3. Jupiter falls in love with a stranger. Because what else can a woman do but fall in love with strangers? Never mind that he evidently has a genetic propensity to rip out the throats of royals. No biggie. That’s sexy, right?
  4. When aliens are trying to kill Jupiter as she is floating in the air for some reason. But instead of ripping the gas mask off her face she just floats there–waiting for Wolf/Human to rip it off for her. I guess this detail could technically fall under bullet two, but it was such a dumb scene. That’s really the most apt adjective: dumb. What must the interior monologue be in a situation like that? “I’m dying because this gas mask is depriving me of oxygen. AAAAAAAHHHH! But, it will be okay because hunky dude I’ve never seen before will rip it off for me. Thank goodness for hunky dude!” Maybe she was magically bound and couldn’t move her arms? I don’t know. It was amazingly dumb.

This movie is awful. I wish I could delete it from my brain. It had potential–the trailer made it look like it was a female-driven movie that was actually female-driven. But It. Is. Terrible. Just awful. I don’t think I’ve disliked a movie this much since Inside Llewyn Davis.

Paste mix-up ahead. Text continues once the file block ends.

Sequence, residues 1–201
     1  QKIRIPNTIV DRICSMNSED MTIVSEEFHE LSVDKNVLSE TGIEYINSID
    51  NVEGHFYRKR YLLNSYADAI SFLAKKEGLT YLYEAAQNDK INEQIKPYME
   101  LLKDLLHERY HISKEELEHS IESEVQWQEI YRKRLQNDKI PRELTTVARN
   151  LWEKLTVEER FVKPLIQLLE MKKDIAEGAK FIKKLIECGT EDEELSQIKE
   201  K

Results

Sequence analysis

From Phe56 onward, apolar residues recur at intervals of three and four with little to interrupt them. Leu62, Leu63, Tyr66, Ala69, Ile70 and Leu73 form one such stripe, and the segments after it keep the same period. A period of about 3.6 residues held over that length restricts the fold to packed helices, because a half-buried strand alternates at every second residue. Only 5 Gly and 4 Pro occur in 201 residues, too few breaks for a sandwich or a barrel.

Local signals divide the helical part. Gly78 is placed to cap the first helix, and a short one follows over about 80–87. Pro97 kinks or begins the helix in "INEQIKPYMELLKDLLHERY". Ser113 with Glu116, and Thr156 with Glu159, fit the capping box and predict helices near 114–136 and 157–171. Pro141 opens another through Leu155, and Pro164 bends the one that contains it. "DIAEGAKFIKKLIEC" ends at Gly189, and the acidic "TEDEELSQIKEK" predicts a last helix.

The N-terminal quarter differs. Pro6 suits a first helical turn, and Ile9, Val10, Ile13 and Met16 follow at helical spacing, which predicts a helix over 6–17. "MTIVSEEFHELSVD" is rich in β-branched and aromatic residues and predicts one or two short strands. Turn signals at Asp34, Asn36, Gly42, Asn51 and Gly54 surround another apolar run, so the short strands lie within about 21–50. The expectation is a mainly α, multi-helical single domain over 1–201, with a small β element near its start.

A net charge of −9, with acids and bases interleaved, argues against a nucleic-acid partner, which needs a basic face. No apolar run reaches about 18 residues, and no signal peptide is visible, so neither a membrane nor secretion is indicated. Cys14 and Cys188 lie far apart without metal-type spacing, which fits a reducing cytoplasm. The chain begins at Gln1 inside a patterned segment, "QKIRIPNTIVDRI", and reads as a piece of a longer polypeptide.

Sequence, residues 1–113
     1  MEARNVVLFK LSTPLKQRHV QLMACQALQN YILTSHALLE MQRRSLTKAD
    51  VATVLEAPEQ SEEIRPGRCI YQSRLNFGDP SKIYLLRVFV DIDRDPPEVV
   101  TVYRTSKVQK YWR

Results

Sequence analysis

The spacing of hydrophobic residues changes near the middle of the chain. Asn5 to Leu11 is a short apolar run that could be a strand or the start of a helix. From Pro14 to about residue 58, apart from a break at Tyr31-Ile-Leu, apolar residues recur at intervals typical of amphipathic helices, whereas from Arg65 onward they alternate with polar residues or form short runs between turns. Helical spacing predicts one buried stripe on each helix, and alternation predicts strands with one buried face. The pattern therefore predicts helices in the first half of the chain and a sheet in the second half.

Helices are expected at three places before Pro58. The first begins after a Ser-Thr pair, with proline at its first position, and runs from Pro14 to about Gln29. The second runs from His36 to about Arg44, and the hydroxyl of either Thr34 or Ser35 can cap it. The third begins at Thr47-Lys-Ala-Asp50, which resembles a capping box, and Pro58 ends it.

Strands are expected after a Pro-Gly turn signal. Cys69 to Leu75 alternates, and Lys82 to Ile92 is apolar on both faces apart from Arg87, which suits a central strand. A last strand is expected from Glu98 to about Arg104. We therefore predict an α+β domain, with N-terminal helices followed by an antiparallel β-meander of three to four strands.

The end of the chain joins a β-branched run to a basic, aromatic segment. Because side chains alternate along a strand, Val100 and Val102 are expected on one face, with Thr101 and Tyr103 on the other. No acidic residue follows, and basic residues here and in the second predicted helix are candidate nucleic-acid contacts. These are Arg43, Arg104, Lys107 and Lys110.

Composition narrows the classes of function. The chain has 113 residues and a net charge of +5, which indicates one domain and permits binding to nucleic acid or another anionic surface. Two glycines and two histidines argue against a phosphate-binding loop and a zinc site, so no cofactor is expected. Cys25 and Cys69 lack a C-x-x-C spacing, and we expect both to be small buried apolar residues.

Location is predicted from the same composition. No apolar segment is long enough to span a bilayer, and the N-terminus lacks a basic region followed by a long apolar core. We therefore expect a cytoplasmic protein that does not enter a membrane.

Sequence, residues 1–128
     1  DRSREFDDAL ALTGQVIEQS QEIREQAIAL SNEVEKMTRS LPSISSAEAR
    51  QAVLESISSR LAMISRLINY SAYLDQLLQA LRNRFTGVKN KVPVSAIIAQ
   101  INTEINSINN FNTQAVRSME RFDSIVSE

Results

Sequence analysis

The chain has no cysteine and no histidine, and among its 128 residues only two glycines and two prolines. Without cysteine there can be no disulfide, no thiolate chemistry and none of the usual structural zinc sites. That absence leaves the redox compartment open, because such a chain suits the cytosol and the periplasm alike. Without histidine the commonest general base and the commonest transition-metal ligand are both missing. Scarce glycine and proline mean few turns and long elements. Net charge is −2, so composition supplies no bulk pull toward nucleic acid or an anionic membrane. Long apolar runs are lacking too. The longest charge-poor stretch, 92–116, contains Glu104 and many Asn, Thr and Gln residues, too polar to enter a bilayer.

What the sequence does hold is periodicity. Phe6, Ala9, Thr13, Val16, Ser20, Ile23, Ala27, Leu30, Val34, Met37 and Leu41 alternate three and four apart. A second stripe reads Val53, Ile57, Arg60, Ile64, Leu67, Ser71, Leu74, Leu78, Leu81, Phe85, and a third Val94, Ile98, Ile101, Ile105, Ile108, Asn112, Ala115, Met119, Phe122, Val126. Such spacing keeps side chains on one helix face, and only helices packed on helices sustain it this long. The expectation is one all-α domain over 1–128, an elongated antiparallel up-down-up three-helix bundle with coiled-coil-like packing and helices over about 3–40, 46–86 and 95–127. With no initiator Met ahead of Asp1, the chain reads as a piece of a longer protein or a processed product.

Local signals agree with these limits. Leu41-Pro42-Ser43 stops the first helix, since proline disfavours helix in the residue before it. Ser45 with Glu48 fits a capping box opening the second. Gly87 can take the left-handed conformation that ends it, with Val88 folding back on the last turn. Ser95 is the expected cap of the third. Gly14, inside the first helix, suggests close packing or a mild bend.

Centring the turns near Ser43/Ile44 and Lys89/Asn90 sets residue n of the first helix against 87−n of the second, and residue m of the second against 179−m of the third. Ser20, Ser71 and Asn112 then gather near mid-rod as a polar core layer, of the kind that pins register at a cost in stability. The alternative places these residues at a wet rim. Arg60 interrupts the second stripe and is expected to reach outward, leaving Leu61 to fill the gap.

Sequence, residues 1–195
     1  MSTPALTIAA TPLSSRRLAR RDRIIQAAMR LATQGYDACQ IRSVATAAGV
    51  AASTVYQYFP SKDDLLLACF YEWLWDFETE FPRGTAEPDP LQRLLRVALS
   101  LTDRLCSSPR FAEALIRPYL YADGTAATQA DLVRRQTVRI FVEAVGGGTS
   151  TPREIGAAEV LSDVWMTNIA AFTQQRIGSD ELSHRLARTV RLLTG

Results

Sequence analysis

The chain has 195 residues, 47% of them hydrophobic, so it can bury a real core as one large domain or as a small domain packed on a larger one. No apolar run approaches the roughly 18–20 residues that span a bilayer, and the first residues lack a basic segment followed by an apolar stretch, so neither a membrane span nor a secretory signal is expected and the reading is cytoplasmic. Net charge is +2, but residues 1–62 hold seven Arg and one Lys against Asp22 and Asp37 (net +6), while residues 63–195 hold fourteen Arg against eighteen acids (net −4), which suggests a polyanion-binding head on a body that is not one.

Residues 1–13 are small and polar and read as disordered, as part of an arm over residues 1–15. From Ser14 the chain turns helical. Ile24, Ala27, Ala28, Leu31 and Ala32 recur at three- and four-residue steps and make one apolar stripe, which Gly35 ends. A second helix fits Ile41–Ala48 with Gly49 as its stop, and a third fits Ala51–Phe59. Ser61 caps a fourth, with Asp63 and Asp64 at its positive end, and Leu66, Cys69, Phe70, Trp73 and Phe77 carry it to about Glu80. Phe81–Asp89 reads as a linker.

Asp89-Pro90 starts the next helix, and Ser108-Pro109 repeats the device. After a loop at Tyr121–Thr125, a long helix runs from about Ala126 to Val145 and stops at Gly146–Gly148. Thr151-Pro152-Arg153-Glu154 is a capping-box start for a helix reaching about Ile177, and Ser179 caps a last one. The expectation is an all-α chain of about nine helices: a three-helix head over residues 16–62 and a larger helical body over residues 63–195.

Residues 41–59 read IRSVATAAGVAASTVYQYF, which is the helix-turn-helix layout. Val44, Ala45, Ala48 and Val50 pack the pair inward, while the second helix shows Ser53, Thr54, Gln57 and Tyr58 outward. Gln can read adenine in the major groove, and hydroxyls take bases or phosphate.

But I still love you Eddie Redmayne. Always.


Feminism, Film, Bechdel, and Comic Con

Hollywood's view of women.

Hollywood’s view of women.

So I went to Comic Con and I saw a room full of feminists!

This is a first for this blog: Instead of doing a review, I am writing about a film related topic that is especially pertinent to the theme of Feminist Film Reviews. I attended Salt Lake Comic Con this weekend, including a panel all about the Bechdel test.

As someone who loves film and keeps the Bechdel test and other standards in my mind as I watch film and read articles, nothing brand new was presented to me. However, this panel was a fantastic and needed addition to a convention that focuses on genres seriously lacking in female representation.

One criticism of the Bechdel test is it is so minimal. Can it really accomplish anything? Does passing the Bechdel test say anything about the quality of the film or the representations of the female characters? Honestly, the Bechdel test is incredibly minimal. All it takes to pass is two female characters with names who talk to each other about something other than a man. Simple. And no, passing doesn’t have any bearing on the quality of the film or treatment of the female characters, which is why in addition to my section on the Bechdel test in my reviews, I also discuss the overall treatment of women. But, the Bechdel test is a conversation starter. It forces you to ask, “It is so easy and seemingly intuitive to write stories that pass the Bechdel test. So why did this film fail? Why do so many fail?”